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5 Questions for Chuck Norris about Faith and Politics

Image by Rem Norris

Image by Rem Norris

Few things annoy me more than election season. It’s too bad, really, because I generally enjoy political and historical discussion, and I take my civic responsibilities seriously. But the political season doesn’t cater to our highest ideals; it appeals to the absolute worst in us.

It’s funny, I have never voted for a democrat in a presidential election (that said, there are times I have voted for a third party). But many Christians write me off as a liberal when I defend our president from mean spirited and ignorant comments. You should have seen the hullabaloo at a recent family camp-out when I simply suggested that Obama wasn’t “evil.”

Political discussion (part of a civil societies most important dialogue) runs on inflammatory, stereotypical, and often bigoted generalities. And if we’re honest, it always has. The president of Yale once said that if Thomas Jefferson came into power, “we may see our wives and daughters the victims of legal prostitution.” So we have to take into consideration that (1.) most people accept what they hear from an authority and (2.) authorities exploit that fact. This probably won’t change.

I just hate when the political machine exploits people’s faith (their most deeply held convictions) to encourage or discourage their behavior. Take this recent video for example:

After watching this video, here are 5 things I would like Mr. Norris to explain to me.

1. Who wrote this for you?

I really don’t want to be snide, but it’s just dumb. You lost me at, “If you look to history, our great country and freedom are under attack.” Seriously . . . what!? That makes as much sense as, “If you read the paper yesterday, I’m eating a bagel right now.”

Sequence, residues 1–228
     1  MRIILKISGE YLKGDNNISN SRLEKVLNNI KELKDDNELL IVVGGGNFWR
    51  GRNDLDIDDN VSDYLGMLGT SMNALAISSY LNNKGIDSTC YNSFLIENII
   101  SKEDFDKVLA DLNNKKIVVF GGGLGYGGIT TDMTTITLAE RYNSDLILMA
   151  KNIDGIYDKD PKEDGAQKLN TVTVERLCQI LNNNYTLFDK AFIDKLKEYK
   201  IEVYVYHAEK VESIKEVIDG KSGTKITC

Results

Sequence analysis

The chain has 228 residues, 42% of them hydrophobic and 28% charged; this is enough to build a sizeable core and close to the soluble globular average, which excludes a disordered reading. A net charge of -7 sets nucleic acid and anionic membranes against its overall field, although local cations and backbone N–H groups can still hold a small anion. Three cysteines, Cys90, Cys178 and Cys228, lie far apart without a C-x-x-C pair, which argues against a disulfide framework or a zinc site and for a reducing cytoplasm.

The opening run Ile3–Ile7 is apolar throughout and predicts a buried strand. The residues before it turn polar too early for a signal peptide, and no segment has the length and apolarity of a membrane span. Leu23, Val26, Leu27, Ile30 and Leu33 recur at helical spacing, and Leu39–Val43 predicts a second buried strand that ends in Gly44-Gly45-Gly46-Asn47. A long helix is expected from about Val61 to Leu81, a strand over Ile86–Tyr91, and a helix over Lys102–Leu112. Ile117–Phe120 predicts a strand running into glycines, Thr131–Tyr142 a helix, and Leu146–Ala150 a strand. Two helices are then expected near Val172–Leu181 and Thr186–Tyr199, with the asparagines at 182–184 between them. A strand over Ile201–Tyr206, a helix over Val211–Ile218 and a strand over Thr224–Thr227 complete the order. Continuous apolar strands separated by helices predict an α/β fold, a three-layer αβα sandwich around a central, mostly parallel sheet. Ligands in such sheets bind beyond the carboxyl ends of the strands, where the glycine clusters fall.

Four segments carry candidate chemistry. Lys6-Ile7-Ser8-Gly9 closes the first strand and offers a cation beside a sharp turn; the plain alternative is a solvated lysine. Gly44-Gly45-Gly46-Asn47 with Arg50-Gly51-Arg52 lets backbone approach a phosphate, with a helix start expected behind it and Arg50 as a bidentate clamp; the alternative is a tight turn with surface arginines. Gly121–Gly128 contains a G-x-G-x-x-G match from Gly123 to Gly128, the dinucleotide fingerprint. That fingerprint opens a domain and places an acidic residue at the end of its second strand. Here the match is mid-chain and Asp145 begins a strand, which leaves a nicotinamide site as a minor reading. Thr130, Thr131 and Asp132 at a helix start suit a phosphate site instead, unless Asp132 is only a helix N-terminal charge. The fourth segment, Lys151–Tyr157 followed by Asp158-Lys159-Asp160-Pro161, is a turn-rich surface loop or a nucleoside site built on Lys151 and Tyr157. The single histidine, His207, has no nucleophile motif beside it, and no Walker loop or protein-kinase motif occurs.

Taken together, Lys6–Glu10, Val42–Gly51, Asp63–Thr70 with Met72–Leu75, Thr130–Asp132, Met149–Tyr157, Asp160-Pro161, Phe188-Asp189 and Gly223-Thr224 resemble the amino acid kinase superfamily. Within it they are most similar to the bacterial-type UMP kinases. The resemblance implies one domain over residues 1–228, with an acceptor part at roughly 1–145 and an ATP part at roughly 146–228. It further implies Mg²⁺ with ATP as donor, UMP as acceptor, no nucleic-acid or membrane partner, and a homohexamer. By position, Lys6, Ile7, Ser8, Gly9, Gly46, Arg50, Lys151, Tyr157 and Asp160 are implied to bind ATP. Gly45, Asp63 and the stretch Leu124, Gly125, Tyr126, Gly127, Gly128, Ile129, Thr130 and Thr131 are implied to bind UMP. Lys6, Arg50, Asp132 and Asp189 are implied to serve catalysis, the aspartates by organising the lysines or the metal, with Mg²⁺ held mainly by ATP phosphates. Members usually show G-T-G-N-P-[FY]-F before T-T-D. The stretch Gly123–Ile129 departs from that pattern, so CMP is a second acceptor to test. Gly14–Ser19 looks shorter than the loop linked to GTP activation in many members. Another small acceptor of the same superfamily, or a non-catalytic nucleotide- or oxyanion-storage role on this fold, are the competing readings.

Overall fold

But let’s set that aside a second. When I look at history, I see doomsayers trying to co-opt the votes of faithful people with all kinds of dumb rhetoric. John Adams said of Thomas Jefferson, “The only question to be asked by every American, laying his hand on his heart, is, ‘shall I continue in allegiance to GOD—AND A RELIGIOUS PRESIDENT; Or impiously declare for JEFFERSON—AND NO GOD!!!’” Adams warned that if that “infidel” Jefferson was elected, he would show his contempt for Christ by “shuttering” all the churches (he didn’t).

When I look to history, the only thing I see under attack is intelligent dialogue.

2. Why do you have such a low view of the American people?

This “tipping point,” “crossroads” language communicates exactly what I hate. The American people are insipid, weak, and spineless. They will all gladly give up their freedoms if we don’t protect them. We need to protect the American people from themselves.

Again, we are always being told that we’re at a crossroads and if we don’t act some terrible evil will befall us. It insults our political system which was set up with the potential for despotic leaders, it insults people who disagree with you on policy issues, and it insults all of our intelligence. We have been told we are at a dangerous crossroads in every election since Washington.

3. Why do you think people of faith avoided the polls in the last election?

You say that 30 million evangelical voters stayed home and Obama won the election by 10 million votes. It’s obvious this video intends to tap into those votes to overthrow Obama.

But you guys are really in a pickle. 30 million evangelicals stayed home four years ago when McCain was a war hero and Palin portrayed herself as the perfect Christian/right-wing candidate. It really should have been a slam dunk. So ask yourself, why did those evangelical republicans stay home? I really haven’t heard an explanation that I agree with.

It’s going to be more difficult this season. You have to convince them to all come out to vote for a Mormon, not a historical favorite among evangelicals. It’s going to be a much harder sell than the McCain/Palin ticket was—better ratchet up the hate speech.

4. Why do you lower yourself to using fear to manipulate us?

I love that Chuck Norris glare when he warns us of Socialism . . . or . . . something . . . worse. Are you threatening us with Expendables 3?